• Long-term, dry up terrorist recruiting "by replacing hatred and resentment with democracy and hope across the broader Middle East."

This passage from his description of the first element apparently set off quite a reaction in the mainstream media:

Overall, the United States and our partners have disrupted at least ten serious al Qaeda terrorist plots since September the 11th, including three al Qaeda plots to attack inside the United States. We’ve stopped at least five more al Qaeda efforts to case targets in the United States, or infiltrate operatives into our country.

The press reacted to this with suspicion, demanding evidence of these foiled plots and questioning whether these claims could be substantiated. That’s the same press, remember, that reported unquestioningly all the breathless claims of chaos and mayhem from New Orleans’ mayor and police chief, including stories of hundreds of dead bodies in the Superdome and babies being raped. I guess the rule for the MSM is simple: if it reflects poorly on this administration, it’s believable; if it reflects well on this administration, it’s suspect.

Bush spent the most time on the fourth and fifth elements, and it’s in the context of those that he discussed Iraq. He argued for realism about the difficulties we face, but optimism about the future:

The terrorists are as brutal an enemy as we’ve ever faced. They’re unconstrained by any notion of our common humanity, or by the rules of warfare. No one should underestimate the difficulties ahead, nor should they overlook the advantages we bring to this fight.

Some observers look at the job ahead and adopt a self-defeating pessimism. It is not justified. With every random bombing and with every funeral of a child, it becomes more clear that the extremists are not patriots, or resistance fighters — they are murderers at war with the Iraqi people, themselves.

In contrast, the elected leaders of Iraq are proving to be strong and steadfast. By any standard or precedent of history, Iraq has made incredible political progress — from tyranny, to liberation, to national elections, to the writing of a constitution, in the space of two-and-a-half years. With our help, the Iraqi military is gaining new capabilities and new confidence with every passing month. At the time of our Fallujah operations 11 months ago, there were only a few Iraqi army battalions in combat. Today there are more than 80 Iraqi army battalions fighting the insurgency alongside our forces. Progress isn’t easy, but it is steady. And no fair-minded person should ignore, deny, or dismiss the achievements of the Iraqi people.
As Americans, we believe that people everywhere — everywhere — prefer freedom to slavery, and that liberty, once chosen, improves the lives of all. And so we’re confident, as our coalition and the Iraqi people each do their part, Iraqi democracy will succeed.

Bush spoke at length about the fifth point, and his commitment to "the transformational power of liberty" remains solid. He singled out Egypt and Saudi Arabia as "friends" whom we’re encouraging to reform and to "respect the rights and choices of their own people." He pointedly added:  

… We’re standing with dissidents and exiles against oppressive regimes, because we know that the dissidents of today will be the democratic leaders of tomorrow. We’re making our case through public diplomacy, stating clearly and confidently our belief in self-determination, and the rule of law, and religious freedom, and equal rights for women, beliefs that are right and true in every land, and in every culture.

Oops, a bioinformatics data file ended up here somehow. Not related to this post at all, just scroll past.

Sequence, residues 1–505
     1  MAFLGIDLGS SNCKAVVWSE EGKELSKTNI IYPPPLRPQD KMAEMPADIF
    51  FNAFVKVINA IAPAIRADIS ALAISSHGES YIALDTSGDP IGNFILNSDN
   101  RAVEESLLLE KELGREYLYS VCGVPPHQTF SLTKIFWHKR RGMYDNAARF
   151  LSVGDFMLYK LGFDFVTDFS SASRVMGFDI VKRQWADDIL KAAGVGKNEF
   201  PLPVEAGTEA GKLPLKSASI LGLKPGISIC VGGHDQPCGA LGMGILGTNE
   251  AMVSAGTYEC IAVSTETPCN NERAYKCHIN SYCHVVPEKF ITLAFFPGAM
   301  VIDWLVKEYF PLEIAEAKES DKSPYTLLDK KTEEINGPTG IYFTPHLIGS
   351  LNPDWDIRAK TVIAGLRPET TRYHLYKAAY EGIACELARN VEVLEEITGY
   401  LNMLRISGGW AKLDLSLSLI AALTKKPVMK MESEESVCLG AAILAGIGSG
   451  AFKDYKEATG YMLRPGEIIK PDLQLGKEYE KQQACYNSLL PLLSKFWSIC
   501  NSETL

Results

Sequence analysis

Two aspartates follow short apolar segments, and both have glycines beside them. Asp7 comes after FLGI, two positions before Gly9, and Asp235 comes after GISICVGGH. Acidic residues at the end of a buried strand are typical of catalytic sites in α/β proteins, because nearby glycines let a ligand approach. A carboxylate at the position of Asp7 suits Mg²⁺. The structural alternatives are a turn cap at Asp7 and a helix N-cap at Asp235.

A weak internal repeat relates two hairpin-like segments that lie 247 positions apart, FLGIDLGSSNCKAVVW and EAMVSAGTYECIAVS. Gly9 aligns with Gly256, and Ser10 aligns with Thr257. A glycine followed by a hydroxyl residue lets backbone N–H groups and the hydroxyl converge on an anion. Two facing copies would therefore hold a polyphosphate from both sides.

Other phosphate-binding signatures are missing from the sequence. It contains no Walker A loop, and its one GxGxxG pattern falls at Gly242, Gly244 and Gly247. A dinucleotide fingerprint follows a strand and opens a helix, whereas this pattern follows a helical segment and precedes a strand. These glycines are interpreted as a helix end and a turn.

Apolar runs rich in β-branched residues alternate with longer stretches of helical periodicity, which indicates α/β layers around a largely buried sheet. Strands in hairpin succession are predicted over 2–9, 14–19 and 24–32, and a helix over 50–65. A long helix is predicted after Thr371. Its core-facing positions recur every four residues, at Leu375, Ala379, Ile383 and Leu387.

Bush also noted that a vital part of confronting Islamic radicalism must come from within the Islamic world. He spoke approvingly of Muslim scholars and imams who’ve condemned terrorism and issued a challenge to those who haven’t:

… The time has come for all responsible Islamic leaders to join in denouncing an ideology that exploits Islam for political ends, and defiles a noble faith.

Bush closed, as he so often does, with a restatement of his commitment to and confidence in liberty:

Throughout history, tyrants and would-be tyrants have always claimed that murder is justified to serve their grand vision — and they end up alienating decent people across the globe. Tyrants and would-be tyrants have always claimed that regimented societies are strong and pure — until those societies collapse in corruption and decay. Tyrants and would-be tyrants have always claimed that free men and women are weak and decadent — until the day that free men and women defeat them.

We don’t know the course of our own struggle — the course our own struggle will take — or the sacrifices that might lie ahead. We do know, however, that the defense of freedom is worth our sacrifice. We do know the love of freedom is the mightiest force of history. And we do know the cause of freedom will once again prevail.

I’ll say again what I said earlier: We didn’t start this war, Iraq is merely a battlefield in the war, and our only options are to fight the war now, to fight it later under more difficult circumstances, or to surrender our culture, values, and way of life.

If you get that, you understand why I still support this president.

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4 Responses to “The one thing Bush gets right”

  1. Everyman said

    Brilliant analysis on the President’s speech and dead on! I get it now and have always gotten it. This is about protecting our domestic tranquility for the future.

  2. Anonymous said

    Thanks, Everyman, I appreciate your kind words.

  3. Ezzie said

    Excellent analysis. You’re right, interesting how we both focused on different passages. I’m planning on writing on the second half of the speech later, I’ll put in a link for yours.

  4. Animal said

    The speech was more BUllSHit. Why must he keep milking/exploiting 9/11? I think we all know the answer to that: the Bush presidency is a miserable failure.